The city lies near the eastern edge of Cache Valley on the western slopes of the Bear River Mountains. Mount Logan rises to an elevation of 9,710 feet (2,960 m) immediately to the east, and south of Logan Canyon. The eastern portions of the city are constructed on top of shelf-like "benches", late Pleistocene sedimentary deposits created by the glacially fed Logan River feeding into the northern stretches of Lake Bonneville, building a "Gilbert-type" river delta over several thousand years. The Logan River later cut down through these sedimentary deposits following the draining of Lake Bonneville approximately 14,500 years ago. This created a low-lying area with very steep slopes that reach into the rest of town and to the Logan River bottomlands. To the west of Logan lie flatlands that contain both farmland and marshes. To the north and south of Logan are rapidly growing residential suburbs.

Logan has a humid continental climate (Köppen: Dfa/Dfb) with very warm though usually dry summers and cold winters with moderate snowfall. Precipitation tends to be heaviest in the spring months. Like other areas in northern Utah, during mid-winter, high-pressure systems often situate themselves over Cache Valley, leading to strong temperature inversions. These temperature inversions trap cold air and pollutants and allow thick smog to accumulate in the valley about three percent of the time. This reduces the air quality to unhealthy levels and can result in the worst air pollution levels in the U.S.[15]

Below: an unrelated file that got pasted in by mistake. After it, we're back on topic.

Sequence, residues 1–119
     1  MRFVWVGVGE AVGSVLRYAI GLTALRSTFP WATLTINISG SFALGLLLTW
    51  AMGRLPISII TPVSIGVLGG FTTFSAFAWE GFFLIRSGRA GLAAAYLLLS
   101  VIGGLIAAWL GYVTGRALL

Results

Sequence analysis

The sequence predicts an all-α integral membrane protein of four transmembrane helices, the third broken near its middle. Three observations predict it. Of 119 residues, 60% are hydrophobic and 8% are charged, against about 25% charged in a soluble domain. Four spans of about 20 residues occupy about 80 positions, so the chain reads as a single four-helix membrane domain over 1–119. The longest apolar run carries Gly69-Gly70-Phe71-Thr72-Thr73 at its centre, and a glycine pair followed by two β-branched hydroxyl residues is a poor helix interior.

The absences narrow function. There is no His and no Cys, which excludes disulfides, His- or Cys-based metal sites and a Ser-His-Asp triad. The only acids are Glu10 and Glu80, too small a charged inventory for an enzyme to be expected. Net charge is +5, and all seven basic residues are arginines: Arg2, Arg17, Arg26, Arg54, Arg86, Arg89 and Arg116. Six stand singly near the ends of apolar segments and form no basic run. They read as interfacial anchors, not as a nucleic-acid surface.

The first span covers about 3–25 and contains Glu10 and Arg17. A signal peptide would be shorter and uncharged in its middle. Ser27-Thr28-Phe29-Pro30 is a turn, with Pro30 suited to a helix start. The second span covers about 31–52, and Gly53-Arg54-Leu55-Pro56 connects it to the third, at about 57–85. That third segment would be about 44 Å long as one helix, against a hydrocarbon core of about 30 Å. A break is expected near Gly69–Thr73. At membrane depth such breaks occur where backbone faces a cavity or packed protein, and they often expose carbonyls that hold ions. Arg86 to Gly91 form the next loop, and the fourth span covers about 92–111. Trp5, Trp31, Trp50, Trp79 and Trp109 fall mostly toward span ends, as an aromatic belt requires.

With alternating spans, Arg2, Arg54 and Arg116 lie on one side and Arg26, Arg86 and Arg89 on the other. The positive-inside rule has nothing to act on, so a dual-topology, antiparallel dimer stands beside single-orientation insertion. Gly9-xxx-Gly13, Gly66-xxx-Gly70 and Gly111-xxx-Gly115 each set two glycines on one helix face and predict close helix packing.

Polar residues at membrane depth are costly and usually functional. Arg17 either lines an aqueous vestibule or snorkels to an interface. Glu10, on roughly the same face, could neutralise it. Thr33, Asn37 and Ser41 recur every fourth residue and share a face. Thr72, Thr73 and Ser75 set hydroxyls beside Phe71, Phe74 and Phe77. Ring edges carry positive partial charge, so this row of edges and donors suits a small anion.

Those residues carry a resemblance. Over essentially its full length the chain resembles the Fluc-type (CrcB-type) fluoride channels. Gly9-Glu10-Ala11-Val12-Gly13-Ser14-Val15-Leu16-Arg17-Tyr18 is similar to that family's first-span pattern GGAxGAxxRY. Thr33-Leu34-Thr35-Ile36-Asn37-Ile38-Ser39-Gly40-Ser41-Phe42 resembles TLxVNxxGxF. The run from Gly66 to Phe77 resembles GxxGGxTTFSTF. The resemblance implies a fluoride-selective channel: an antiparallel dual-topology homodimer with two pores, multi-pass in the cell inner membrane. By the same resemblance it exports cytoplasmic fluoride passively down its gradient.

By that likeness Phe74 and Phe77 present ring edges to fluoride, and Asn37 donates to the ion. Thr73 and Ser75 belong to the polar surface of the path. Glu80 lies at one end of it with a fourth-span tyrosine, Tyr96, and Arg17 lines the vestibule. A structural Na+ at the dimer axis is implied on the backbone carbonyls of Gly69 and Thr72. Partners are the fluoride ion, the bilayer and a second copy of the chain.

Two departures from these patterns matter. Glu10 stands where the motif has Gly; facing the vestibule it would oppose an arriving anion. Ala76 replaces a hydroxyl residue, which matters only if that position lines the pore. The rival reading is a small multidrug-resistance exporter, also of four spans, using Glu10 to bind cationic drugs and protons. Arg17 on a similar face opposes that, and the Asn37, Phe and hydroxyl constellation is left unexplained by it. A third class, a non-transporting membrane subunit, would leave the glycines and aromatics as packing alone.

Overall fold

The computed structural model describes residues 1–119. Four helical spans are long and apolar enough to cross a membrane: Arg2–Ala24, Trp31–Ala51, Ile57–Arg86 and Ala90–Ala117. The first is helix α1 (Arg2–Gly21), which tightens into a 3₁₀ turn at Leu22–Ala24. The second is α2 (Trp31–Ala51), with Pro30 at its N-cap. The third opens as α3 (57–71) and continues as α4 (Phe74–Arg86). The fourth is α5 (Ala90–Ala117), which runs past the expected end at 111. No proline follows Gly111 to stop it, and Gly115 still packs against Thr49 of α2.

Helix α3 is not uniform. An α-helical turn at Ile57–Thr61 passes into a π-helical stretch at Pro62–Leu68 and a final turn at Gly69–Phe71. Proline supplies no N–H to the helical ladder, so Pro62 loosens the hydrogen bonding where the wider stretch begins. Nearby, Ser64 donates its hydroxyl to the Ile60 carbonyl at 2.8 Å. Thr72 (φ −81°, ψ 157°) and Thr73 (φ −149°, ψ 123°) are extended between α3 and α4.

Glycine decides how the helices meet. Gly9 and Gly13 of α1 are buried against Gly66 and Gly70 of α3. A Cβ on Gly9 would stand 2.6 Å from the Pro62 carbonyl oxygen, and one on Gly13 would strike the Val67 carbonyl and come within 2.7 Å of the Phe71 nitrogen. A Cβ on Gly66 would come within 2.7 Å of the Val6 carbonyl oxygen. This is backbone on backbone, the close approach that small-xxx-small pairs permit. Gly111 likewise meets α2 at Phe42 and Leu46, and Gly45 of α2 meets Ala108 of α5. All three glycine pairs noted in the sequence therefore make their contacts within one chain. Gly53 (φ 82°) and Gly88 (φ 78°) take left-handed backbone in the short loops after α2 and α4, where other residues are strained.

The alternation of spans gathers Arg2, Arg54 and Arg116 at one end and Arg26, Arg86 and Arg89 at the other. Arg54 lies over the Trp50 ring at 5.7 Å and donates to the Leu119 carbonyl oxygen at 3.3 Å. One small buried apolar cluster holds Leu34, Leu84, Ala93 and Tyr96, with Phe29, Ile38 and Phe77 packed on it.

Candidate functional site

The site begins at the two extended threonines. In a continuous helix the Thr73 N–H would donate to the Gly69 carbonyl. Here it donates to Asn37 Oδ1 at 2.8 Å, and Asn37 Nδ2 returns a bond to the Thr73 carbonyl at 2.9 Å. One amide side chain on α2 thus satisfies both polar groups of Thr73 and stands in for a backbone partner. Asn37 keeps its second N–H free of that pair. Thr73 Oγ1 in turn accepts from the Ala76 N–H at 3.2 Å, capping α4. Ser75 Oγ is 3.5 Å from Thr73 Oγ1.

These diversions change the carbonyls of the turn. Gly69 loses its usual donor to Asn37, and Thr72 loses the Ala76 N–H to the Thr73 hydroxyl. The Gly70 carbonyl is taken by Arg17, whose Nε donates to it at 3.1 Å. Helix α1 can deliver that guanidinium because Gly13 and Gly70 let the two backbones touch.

Climate data for Logan, Utah
Month Jan Feb Mar Apr May Jun Jul Aug Sep Oct Nov Dec Year
Record high °F (°C) 60
Average high °F (°C) 30.9
Average low °F (°C) 12.7
Record low °F (°C) −25
Average precipitation inches (mm) 1.34
Average snowfall inches (cm) 9.2
Average precipitation days (≥ 0.01 inch) 9.9 9.3 9.7 10.0 10.5 5.9 5.0 4.8 6.2 7.0 9.0 9.1 96.4
Average snowy days (≥ 0.1 inch) 5.0 2.9 1.8 0.8 0 0 0 0 0 0.4 1.5 4.0 16.4
Source: NOAA[16]


Logan's city grid originates from its Main and Center Street block, with Main Street running north and south, and Center east and west. Each block north, east, south, or west of the origin accumulates in increments of 100 (e.g., 100 North, 100 East), though some streets have non-numeric names. This street grid is typical of many towns and cities founded by Latter-day Saints in the Mormon Corridor. Most of Logan's commercial businesses are along Main Street, which spans the entire city.